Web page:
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Many people have thoughts like those you describe, and often it feels like someone else is saying it because they are things that may have been said to you when you were very young. When young children hear negative things about themselves they tend to internalize these negative ideas and to form negative core beliefs. The good news is we can learn to stop these thoughts and to replace them with healthier thoughts. The first step is to catch yourself when you are thinking these thoughts, and to stay "stop!"; then replace it with another thought. So for instance, maybe you fail a test or get rejected by a romantic interest. You catch yourself saying "you aren't worth anything". Stop this thought, and replace it with "You didn't do as well on that test as you would have liked. Let's figure out how you can do better next time." Or "she may not want to go out with you, but someone else will". So the idea is to develop a voice of a "friend", who can tell you the kind of things you would say to your own best friend. You might also pick up the book, Feeling Good, by David Burns. He gives many tips for how to change Negative Self Talk.
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Life is beautiful without unwanted thoughts and stress. With proper strategies and tools it is possible to regain control over your thoughts. I guess you are just having "thoughts" and not actually "hearing voices"? My suggestion is to see a therapist and go from there.
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First off, there is nothing wrong with you. In fact, having random thoughts we feel we cannot control is actually quite common and normal.
Sometimes our thoughts think they are protecting us (if we think we aren't worth anything, it won't hurt when we get rejected) but they are actually doing quite the opposite. They are keeping us "stuck" and creating a self-prophization. (If I think I am not worth anything, I don't have to try, and I will keep proving to myself that I am not worth anything).
There are many techniques to work through and start to change our negative self-talk. There are actually many self-help workbooks that can help with this as well.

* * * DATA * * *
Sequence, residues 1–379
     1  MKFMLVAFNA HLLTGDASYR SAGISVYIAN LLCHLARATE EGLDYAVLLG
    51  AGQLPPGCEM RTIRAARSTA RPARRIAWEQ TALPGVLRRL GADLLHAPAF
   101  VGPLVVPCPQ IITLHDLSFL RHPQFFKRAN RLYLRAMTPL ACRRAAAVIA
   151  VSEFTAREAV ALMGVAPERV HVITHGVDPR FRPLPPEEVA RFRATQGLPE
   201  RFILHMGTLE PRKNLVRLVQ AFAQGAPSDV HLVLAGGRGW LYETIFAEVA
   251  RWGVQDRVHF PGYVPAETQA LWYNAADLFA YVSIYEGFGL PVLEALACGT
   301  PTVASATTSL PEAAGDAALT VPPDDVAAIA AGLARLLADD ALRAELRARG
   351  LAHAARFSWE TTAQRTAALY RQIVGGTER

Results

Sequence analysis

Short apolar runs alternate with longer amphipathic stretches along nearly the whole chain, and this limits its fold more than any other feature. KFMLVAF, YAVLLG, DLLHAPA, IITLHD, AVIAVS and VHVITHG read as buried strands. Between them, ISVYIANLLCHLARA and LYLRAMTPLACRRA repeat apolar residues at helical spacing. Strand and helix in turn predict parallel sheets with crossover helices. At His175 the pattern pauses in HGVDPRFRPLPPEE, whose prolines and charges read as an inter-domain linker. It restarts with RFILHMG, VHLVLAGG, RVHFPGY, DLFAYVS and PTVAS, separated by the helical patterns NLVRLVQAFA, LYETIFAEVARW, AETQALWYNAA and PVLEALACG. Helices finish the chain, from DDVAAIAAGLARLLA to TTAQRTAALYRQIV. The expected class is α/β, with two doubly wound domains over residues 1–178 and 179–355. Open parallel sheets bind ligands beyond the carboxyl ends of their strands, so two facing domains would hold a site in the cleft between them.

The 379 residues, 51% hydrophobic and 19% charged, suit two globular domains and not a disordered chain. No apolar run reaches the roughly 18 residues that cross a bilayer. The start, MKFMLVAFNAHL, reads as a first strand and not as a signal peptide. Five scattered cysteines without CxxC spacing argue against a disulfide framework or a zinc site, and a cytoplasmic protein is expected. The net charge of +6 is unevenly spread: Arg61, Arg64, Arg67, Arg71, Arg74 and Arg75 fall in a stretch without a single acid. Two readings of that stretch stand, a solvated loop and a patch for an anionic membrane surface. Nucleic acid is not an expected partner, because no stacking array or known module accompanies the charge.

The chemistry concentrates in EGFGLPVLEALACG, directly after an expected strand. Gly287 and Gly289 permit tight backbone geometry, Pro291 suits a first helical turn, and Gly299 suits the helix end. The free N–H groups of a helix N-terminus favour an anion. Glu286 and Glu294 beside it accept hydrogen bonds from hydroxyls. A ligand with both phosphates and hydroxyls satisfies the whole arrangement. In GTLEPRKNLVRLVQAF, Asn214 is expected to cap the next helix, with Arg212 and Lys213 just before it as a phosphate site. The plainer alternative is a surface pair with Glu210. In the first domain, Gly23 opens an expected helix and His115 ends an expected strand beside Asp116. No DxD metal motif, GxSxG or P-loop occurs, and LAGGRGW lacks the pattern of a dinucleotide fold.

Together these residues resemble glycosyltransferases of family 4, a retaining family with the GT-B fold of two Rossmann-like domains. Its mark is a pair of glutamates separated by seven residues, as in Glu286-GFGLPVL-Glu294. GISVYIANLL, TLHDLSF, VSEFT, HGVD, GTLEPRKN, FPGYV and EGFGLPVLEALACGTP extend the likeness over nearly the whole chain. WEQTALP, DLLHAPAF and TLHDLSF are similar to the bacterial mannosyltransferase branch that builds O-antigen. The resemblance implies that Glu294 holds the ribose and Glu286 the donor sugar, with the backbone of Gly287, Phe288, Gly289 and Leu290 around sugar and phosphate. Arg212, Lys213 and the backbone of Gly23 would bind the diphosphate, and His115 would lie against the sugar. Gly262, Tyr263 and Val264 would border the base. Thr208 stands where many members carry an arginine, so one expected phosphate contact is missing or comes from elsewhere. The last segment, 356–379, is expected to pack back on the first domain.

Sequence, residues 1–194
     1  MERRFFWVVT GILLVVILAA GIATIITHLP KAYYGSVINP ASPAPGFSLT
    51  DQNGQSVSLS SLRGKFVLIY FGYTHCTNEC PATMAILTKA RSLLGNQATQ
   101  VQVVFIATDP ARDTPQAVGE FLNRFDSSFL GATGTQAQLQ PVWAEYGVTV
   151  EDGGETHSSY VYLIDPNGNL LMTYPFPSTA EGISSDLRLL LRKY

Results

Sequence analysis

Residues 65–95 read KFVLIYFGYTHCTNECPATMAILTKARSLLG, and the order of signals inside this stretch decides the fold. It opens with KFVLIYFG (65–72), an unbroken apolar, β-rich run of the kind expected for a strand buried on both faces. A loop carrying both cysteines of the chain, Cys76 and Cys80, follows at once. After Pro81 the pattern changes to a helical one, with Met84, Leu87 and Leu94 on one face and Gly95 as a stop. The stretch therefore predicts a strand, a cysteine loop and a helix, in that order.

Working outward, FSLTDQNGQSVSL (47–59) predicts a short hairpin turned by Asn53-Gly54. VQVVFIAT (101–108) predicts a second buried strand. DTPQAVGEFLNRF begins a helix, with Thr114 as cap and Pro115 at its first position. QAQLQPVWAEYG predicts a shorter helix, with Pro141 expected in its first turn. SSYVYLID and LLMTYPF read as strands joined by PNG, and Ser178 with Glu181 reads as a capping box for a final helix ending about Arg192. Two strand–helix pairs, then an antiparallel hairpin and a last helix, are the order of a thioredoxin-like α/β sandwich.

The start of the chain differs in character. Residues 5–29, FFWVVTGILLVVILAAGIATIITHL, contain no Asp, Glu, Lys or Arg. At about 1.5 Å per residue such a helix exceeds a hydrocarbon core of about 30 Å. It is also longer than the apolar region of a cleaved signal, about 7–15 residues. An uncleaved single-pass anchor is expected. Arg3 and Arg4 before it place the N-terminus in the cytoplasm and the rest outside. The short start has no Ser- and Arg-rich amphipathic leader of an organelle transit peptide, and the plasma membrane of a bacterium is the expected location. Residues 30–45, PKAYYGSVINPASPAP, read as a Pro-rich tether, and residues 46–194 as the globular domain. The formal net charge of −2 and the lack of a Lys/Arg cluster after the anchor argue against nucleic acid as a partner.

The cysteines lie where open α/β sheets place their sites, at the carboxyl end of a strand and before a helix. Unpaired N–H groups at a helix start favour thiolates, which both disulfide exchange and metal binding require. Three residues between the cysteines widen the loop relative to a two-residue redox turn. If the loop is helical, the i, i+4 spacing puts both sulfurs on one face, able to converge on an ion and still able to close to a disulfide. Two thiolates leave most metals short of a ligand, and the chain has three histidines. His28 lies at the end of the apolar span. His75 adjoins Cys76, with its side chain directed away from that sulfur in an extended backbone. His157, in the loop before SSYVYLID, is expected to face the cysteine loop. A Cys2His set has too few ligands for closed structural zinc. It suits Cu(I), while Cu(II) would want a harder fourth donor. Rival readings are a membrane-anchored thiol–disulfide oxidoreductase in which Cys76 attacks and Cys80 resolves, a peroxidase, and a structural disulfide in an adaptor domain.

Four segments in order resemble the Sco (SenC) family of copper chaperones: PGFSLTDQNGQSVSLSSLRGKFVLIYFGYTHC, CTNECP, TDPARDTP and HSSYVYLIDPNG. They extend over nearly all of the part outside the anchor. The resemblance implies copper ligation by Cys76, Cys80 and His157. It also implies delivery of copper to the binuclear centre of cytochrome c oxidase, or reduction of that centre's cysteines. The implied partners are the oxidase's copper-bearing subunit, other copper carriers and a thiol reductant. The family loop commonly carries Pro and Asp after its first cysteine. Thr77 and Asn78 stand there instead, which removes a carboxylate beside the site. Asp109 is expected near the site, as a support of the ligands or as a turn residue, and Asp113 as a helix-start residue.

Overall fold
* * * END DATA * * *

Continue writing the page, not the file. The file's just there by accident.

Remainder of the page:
A technique I like to use is meditation or mindfulness. This can teach us to accept our thoughts (not fight them) and then learn to let them go. Release the power they have on us. If we can learn to release these and not ruminate on them, this will give us the space to allow more positive and supportive thoughts to come in.
Mantras can help with this as well (I AM worth a lot, I AM important, I have value). Saying these to yourself everyday over and over (even if at first you don't believe) can retrain our brains to believe it (and allow us to believe it). I have even wrote positive mantras to myself in my bathroom mirror so I am forced to look at these throughout the day.
Please remember to not be hard on yourself as you begin to attempt to change the automatic thought patterns. It took a while for you to get where you are and it will take a while for this change to kick in and feel normal. So allow the process to happen slowly and allow yourself to accept you as the amazing and brave person you are.
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Those critical thoughts most likely came into your mind as the way you understood what one of your parents or some other adult who was very meaningful to you, at a very young age.
When we are too young to distinguish whether what a grown person tells us, feels accurate, we absorb their opinions as our own.
Your question shows you've reached the point of emotional maturity to know that your opinion about yourself is not the same as what is inside your emotional brain and stored there since you were too young to know that someone else's opinions are not necessarily your opinions.
Nothing is wrong with you, everything is right with you to wonder how to more firmly establish your own point of view.
Start the habit to revise any viewpoints about yourself which don't feel true.
Then replace these thoughts with better ones which you decide on your own.
After a while of doing this you'll either automatically think the more positive thoughts about yourself or at least be in the habit to know that negative viewpoints about you are not necessarily true.